The first concert I ever attended was blues guitarists Johnny Lang and Buddy Guy at the Pier in Seattle. The second was The Who, on their final three-member tour-bassist Jon Entwistle passed a few days before their next attempt to play the Gorge on the band's subsequent jaunt.
The third concert I attended was AC/DC. The album was Stiff Upper Lip, and the venue was the Tacoma Dome. It was awesome. But the real significance to that particular show was this: it was my first concert without a parent. My mom wasn't dragging me along, as with Lang and Guy. My friend's father wasn't playing escort as with The Who. We were standing in Tacoma, getting our asses rocked off for two hours, with nary a parental authority in sight.
It was formative. There are far too many people who would be ashamed to say they liked something as fundamentally shallow and conventional as AC/DC, but I'm not one of them.
I think this is part of why I've grown to love Big Wheel Stunt Show. They don't sound like AC/DC, per se. They have a little more energy than the Aussies' relentless groove, and a little more of a punk rock, grungy tinge. But on some level they occupy the same headspace within the dark bowels of my musically eccentric brainpan.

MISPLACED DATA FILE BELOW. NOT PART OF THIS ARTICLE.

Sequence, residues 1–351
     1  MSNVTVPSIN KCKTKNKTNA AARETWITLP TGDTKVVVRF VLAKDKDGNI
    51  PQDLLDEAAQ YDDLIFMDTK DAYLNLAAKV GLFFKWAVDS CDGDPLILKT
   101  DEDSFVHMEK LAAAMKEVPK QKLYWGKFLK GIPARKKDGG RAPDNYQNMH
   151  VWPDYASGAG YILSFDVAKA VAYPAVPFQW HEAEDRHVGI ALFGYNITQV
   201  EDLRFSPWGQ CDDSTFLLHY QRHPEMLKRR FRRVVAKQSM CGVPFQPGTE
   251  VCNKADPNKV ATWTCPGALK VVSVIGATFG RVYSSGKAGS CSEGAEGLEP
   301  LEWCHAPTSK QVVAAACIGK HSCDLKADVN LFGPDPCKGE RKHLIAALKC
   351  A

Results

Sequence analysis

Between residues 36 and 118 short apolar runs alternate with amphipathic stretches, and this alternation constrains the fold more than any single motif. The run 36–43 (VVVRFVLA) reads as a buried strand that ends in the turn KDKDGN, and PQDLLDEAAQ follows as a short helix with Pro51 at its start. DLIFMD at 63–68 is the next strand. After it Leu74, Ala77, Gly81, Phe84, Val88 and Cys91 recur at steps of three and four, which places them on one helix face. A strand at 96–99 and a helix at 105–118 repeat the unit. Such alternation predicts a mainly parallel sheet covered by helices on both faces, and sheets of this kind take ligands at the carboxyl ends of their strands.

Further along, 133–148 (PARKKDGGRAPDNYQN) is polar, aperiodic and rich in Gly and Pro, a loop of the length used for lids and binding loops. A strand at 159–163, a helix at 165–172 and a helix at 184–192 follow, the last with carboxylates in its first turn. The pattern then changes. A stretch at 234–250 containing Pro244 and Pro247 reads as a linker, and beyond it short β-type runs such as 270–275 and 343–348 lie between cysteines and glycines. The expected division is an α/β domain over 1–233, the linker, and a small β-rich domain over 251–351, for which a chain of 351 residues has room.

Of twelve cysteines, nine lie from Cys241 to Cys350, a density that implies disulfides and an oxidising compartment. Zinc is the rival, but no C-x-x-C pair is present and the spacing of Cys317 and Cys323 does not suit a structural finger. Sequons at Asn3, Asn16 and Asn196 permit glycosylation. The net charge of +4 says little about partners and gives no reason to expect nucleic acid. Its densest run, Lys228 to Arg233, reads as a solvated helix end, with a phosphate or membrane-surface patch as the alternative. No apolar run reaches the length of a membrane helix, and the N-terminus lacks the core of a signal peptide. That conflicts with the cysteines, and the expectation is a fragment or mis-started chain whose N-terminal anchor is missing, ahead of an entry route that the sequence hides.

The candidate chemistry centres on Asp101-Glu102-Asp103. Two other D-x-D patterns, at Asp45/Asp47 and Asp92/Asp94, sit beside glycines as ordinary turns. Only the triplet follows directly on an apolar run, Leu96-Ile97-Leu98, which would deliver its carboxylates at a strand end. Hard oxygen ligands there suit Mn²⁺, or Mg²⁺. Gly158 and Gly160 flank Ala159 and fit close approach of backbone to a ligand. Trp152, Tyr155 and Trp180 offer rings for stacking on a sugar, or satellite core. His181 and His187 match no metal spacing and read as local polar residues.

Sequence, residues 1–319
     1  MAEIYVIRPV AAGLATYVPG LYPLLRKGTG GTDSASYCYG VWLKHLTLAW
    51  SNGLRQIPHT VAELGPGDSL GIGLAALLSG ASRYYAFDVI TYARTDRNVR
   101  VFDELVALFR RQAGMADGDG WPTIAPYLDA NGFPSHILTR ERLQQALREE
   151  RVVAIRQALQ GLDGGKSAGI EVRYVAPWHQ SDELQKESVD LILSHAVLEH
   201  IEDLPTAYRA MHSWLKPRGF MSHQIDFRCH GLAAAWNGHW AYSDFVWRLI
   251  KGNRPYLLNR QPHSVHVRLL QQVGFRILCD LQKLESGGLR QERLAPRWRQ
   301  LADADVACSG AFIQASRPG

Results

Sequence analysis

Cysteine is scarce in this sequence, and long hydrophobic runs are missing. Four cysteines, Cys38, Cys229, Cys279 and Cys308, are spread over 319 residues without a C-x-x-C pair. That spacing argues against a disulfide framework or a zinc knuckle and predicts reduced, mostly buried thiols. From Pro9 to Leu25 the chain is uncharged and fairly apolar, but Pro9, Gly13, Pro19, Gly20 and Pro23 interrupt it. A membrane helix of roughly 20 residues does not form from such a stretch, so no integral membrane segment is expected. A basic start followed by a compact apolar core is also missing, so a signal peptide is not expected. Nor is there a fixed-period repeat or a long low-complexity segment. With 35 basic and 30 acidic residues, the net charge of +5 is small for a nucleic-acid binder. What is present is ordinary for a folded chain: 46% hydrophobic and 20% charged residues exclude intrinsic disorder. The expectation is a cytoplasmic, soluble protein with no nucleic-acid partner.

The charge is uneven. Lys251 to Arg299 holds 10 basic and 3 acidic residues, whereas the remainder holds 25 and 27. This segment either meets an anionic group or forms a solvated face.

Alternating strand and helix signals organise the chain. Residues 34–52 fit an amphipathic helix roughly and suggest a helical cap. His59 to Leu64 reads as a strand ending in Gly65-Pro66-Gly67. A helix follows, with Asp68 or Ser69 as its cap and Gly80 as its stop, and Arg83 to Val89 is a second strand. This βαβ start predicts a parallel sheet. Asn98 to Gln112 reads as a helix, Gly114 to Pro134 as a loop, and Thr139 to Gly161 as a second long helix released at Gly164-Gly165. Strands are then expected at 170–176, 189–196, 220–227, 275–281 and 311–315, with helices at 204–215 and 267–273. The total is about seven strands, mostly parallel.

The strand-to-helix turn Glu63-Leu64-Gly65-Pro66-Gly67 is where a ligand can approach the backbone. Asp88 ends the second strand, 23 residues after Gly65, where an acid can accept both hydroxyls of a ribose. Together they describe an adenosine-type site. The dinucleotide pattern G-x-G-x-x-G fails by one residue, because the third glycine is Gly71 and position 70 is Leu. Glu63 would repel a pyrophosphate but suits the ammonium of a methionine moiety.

They live in the same world of repeating guitar riffs, wading pool lyrical depth-the last track on their new record Brand New Bag is called "Douche Me," for example-and spasmodic guitar solos.
My first experience with BWSS, at the Squirt show in November, saw me as one of maybe 10 people standing around the old Hell's Kitchen while singer/guitarist Evan Nagle wailed on his knees in the middle of the floor. It was kind of sad, frankly. But such is the lot of the Thursday night opener. Brotherhood of the Black Squirrel only fared moderately better this time around.
The new Hell's Kitchen sports two giant speaker cabinets built into the front of the stage - optimally placed for guitarist leaps - and they saw their fair share of activity at Nagle's hands. Or feet. Whatever. The bottom line is headliner Big Wheel Stunt Show brings a large enough audience to really appreciate this level of showmanship.
I was fortunate enough to receive Brand New Bag for perusal on Monday, and it's struck a bit of an odd chord with me. For one thing, a little bit of the edge to the guitars is lost, as often happens, thanks to the compression of the record. Somewhere in that tonal difference the band come out sounding like Long Winters half the time, which isn't bad so much as it doesn't communicate what the live show ends up being like.
What a BWSS show ends up being like is Rock Music. Really good Rock Music. And if you've been reading my columns over the last few months, you know how I feel about Rock Music. (Hint: I like it. I like it a lot.)
Big Wheel Stunt Show is rolling off to Austin for a few SXSW shows, but they'll be back in town for an April 2 Java Jive show with my last article target, 10 Miles of Bad Road.
Go forth and become rocked.